By Lauren Stephens, Children’s Advocate at Safe Harbor
In the children’s program at the shelter, we recently had two sisters, “Hannah” and “Sarah”, who had come to Safe Harbor with their mother after fleeing a dangerous domestic violence situation in their home. These two girls had not yet been given the opportunity to heal or to fully understand what happened with their father due to other situations that occurred in their transition. These two girls are beautiful examples of the differences that exist within the dynamic of sisters. They look so much alike externally, and even after going through identical traumatic situations, they both have learned to handle this trauma in completely different ways.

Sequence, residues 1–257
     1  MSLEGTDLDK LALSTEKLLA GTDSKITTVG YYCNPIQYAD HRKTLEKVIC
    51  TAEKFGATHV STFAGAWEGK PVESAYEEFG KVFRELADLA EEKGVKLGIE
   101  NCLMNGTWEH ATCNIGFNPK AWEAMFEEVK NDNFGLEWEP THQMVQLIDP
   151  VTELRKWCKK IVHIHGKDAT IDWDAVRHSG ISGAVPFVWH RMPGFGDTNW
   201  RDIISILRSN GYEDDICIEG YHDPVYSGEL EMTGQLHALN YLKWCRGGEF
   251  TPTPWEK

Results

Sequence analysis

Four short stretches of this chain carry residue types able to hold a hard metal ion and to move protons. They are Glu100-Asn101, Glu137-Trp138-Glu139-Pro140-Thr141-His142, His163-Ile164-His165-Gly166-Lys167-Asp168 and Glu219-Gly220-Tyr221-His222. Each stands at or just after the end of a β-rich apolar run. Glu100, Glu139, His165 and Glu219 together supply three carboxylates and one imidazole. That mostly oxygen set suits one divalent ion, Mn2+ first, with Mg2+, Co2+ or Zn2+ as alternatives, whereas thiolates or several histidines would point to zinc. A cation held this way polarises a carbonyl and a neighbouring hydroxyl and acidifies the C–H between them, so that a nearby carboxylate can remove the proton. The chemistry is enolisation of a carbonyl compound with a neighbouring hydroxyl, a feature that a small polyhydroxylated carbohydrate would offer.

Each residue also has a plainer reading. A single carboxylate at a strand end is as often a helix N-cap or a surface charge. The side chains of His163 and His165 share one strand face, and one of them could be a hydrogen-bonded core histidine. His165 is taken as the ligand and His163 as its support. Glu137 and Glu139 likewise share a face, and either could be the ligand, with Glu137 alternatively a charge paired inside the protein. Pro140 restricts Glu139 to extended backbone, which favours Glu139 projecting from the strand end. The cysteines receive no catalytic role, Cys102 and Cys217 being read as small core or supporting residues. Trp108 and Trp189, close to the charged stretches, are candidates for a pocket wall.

One day, Hannah was playing with a Jacob’s Ladder that I have in my office; I have found if you occupy a child’s hands, their ability to feel their emotions expands greatly. As Hannah played with the Jacob’s Ladder, she said, “Can I ask you a question?” I responded, “You can ask me anything you want.” She then replied, with her head low, hands still busy, “Is it okay if I want to cry all the time?” I responded, saying, “It is completely okay to want to cry, and it is okay to cry. Crying is your body’s way of letting something go. The tears you cry is your body’s way of showing you that it is letting go of what makes you sad.”